Data analysis results show that the applied training model is effective in improving teachers’ readiness in integrating Disaster Risk Reduction in the learning of knowledge, attitudes, and skills aspects. It is showed from statistic test’s result in the aspects of knowledge, attitude, and skill in which asymp.Sig. (2-tailed) has an outcome of 0.000. The result is  so that it concludes that all of the hypotheses are accepted. By this model, the teacher’s knowledge, attitude, and skill are increasingly effective. The integration model of Disaster Risk Reduction with the Living Values Education approach in thematic learning is a model that is developed in the effort of increasing teacher competence to conduct the learning of disaster consciousness.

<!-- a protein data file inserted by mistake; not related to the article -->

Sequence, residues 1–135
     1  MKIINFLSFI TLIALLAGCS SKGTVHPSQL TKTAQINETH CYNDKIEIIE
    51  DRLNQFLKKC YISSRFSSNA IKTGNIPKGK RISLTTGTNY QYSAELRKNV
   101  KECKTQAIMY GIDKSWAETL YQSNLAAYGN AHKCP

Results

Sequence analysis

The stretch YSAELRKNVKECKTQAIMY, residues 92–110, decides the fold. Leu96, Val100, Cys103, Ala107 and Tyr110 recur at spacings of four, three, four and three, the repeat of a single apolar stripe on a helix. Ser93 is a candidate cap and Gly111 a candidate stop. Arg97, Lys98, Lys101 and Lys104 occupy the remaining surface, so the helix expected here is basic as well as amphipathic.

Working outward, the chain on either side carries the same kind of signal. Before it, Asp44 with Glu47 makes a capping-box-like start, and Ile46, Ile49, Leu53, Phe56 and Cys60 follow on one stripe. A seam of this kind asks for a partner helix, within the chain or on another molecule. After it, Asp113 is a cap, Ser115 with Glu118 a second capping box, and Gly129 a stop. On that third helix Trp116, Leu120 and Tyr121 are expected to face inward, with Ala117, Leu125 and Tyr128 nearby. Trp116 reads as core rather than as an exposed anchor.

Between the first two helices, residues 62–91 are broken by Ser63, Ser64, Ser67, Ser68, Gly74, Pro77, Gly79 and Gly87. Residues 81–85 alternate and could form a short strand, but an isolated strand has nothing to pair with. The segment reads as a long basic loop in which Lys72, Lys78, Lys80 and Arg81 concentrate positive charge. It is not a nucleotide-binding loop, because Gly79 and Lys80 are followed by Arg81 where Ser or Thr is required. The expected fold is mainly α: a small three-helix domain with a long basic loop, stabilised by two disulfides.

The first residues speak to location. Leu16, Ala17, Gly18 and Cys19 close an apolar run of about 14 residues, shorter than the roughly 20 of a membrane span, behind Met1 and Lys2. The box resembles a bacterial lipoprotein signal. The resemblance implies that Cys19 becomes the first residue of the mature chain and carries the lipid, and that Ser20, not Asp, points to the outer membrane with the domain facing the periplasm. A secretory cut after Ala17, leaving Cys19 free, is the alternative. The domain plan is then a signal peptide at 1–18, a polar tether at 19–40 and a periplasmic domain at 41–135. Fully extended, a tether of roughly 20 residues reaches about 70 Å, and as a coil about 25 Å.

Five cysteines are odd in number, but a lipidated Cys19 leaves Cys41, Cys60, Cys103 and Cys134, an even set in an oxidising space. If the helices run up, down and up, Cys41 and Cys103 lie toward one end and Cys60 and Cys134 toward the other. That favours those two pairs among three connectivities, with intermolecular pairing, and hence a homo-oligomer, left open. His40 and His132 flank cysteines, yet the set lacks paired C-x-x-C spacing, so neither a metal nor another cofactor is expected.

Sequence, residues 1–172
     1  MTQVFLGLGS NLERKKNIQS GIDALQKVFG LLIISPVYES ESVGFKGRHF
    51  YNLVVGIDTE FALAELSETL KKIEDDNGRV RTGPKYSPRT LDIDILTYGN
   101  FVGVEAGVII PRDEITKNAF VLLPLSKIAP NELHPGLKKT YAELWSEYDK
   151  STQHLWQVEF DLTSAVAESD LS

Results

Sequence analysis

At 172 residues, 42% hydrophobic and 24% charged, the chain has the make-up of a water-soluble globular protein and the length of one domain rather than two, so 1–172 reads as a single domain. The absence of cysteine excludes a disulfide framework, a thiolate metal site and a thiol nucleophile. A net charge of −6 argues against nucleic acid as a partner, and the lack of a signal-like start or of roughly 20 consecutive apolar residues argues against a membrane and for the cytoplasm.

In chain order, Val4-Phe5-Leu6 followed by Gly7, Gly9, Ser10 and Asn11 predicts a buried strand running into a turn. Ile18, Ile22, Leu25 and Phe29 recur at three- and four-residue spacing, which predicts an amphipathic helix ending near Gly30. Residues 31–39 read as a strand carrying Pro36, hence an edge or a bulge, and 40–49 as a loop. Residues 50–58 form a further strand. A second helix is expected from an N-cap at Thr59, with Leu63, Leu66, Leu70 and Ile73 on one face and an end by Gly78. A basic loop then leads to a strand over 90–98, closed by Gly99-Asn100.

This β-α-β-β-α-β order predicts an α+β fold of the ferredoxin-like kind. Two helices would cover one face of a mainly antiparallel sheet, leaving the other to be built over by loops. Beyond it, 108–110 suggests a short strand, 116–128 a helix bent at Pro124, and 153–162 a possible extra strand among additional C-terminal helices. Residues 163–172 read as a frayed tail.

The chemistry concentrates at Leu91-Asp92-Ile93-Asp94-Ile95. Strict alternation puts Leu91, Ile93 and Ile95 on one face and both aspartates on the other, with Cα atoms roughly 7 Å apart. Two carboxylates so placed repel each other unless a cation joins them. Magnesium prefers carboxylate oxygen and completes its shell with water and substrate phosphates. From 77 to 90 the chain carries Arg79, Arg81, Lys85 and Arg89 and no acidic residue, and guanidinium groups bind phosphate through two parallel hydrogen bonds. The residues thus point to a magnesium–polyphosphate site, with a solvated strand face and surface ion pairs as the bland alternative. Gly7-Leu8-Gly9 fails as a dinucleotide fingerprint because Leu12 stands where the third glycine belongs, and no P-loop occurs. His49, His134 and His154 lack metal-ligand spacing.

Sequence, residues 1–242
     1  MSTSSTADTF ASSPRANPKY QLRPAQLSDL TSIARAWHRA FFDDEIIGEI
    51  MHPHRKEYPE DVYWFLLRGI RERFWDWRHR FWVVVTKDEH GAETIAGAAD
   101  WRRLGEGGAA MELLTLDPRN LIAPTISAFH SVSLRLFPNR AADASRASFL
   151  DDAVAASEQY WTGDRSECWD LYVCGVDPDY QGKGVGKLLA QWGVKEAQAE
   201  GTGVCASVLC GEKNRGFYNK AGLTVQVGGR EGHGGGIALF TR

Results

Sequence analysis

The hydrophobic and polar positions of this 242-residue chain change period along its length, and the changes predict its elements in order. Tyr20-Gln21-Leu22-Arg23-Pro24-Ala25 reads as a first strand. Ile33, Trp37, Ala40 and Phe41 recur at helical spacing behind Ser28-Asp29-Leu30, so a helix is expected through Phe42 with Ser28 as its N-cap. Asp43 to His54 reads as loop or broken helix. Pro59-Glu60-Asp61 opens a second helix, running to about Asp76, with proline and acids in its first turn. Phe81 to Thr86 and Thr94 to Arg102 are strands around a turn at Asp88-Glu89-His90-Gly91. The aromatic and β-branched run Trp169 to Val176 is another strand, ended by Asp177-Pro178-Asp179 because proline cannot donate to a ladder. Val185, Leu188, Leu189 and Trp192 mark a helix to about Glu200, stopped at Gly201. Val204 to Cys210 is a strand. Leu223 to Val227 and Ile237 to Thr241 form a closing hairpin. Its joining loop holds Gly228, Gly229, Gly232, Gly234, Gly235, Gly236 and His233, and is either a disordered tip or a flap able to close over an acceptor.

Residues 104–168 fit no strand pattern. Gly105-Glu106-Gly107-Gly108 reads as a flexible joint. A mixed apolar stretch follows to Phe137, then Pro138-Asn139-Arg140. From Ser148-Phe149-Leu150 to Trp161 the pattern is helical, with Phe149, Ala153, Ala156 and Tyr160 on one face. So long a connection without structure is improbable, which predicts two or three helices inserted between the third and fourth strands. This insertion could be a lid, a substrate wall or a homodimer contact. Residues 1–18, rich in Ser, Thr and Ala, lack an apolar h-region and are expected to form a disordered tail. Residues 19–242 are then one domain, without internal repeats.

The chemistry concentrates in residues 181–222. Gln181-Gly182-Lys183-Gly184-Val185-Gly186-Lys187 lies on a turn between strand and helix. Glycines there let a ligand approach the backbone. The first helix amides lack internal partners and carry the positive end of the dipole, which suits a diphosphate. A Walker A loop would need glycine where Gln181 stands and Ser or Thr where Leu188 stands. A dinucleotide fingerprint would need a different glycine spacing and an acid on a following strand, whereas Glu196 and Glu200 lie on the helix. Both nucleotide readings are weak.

Living Values Education develops this model. Living Values Education is an approach used to live the values of human beings that are first initiated by the teachers under the auspices of UNESCO. Living Values Education approach aimed to avoid overly verbal approaches. By Living Values Education approach, the learning begins with creating a value-based environment so that every child in the schools feel loved, understood, considered valuable, valued, and felt safe both physically and psychologically (Arifin, 2016; Suyatno., Mardati, & Wantini, 2019; Trim, 2004) . These results also strengthen the results of previous findings that Living Values Education in learning is successful in supporting the habitual program in the schools (Komalasari & Saripudin, 2017).